Former Merrill Lynch advisers who focused on international business are switching tactics in their bid to win damages from their ex-employer, which they accuse of policy changes that handicapped their business.
Advisers Graciela Perez, her son Jorge, and Miguel Sosa filed their lawsuit in federal court in April 2016, arguing that Merrill had implemented policies in recent years that hindered their ability to grow and serve clients. They withdrew their case this week, according to court documents.
"We withdrew the class action claims in order to avoid … [a prolonged court case] and to obtain a quick and direct resolution of the valuable claims in a favorable industry forum," Michael Taaffe, their attorney, said in a statement
Taafe, who is based in Sarasota, Florida, added that his firm will file "numerous" claims in FINRA arbitration against Merrill Lynch.
Neither the advisers nor their attorney could be reached for additional comment.
Moving the dispute to a new forum appeared to be a partial win for Merrill, which pushed for a change in venues.
"We have denied the allegations made in the original complaint as well as the amended complaint filed a few weeks ago. We have [also] argued that the proper forum for this was arbitration," a spokesman said.
Merrill once employed a sizable contingent of approximately 3,000 brokers focused on serving international clients or who did some international business, according to the lawsuit. But following the financial crisis, the brokerage merged with Bank of America and later sold its overseas business to Swiss bank Julius Baer in 2013.
That sale did not include about 300 stateside brokers serving international clients. The plaintiffs argued that Merrill failed to continue to support their practices, particularly due to the fact that a lot of expertise left with the sale, according to court documents. They also claimed that additional policy changes harmed their practices. For example, Merrill created a "crippling restriction" that prohibited advisers to travel to certain countries to see clients or prospect for new business. The firm also created new minimums. For example, Canadian clients were required to have $5 million or more with Merrill Lynch, according to the plaintiffs.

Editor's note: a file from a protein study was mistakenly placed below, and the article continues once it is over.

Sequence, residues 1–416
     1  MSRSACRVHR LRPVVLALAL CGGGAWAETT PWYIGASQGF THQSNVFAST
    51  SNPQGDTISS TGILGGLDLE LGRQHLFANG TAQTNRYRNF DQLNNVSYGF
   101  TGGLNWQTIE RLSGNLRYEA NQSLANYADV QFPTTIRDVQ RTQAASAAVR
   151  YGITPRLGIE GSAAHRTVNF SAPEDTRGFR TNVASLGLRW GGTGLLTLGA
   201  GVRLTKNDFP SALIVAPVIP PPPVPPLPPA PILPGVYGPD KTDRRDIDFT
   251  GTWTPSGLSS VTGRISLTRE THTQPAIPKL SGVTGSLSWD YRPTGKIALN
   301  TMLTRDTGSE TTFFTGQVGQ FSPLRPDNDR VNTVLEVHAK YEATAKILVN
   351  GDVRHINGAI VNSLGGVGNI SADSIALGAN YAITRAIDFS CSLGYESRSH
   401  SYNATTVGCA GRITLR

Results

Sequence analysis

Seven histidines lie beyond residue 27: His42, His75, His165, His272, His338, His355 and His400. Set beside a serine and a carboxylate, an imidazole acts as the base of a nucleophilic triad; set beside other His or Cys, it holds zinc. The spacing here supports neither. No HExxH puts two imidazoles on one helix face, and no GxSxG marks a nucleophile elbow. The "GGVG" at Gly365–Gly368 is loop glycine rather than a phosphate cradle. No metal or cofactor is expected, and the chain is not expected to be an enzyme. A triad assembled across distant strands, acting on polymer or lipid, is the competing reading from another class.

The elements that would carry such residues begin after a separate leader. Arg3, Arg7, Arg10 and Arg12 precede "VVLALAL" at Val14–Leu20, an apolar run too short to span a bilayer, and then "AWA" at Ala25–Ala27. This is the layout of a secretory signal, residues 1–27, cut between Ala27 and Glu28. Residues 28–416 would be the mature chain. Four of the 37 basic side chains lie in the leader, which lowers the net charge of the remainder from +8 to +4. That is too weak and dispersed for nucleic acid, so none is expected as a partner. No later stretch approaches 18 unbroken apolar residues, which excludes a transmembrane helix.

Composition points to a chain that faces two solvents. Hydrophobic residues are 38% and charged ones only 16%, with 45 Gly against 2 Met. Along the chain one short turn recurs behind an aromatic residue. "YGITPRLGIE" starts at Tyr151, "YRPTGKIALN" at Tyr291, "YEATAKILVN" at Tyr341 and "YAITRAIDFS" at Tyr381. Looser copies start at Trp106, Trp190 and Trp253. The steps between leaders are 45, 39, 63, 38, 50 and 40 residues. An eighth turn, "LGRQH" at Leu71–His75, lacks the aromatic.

They alleged that brokers were forced to leave the firm in order to continue servicing clients, which disrupted their practices and prevented them from gaining new assets and clients.
Indeed, the plaintiffs quit Merrill Lynch after long stints at the wirehouse.
Perez and her son opened Perez Wealth Management in 2015, and are affiliated with Bolton Capital Asset Management. The elder Perez had worked at Merrill for nearly 20 years, according to FINRA BrokerCheck records. Jorge Perez started his career at the wirehouse in 2003.
Sosa was also a Merrill veteran, having begun his career there in 1982.
He left in 2016 to open his own firm, Premia Global Advisers, in Coral Gables, Florida. He launched his firm with help from Dynasty Financial Partners, which said at the time that he oversaw more than $400 million in client assets.
For its part, Merrill denied the allegations in court, arguing that the advisers had not proven that certain employment practices had a disparate impact upon them.
It was not immediately clear whether the advisers had already filed claims in FINRA arbitration. Unlike in civil court, the proceedings are not public.
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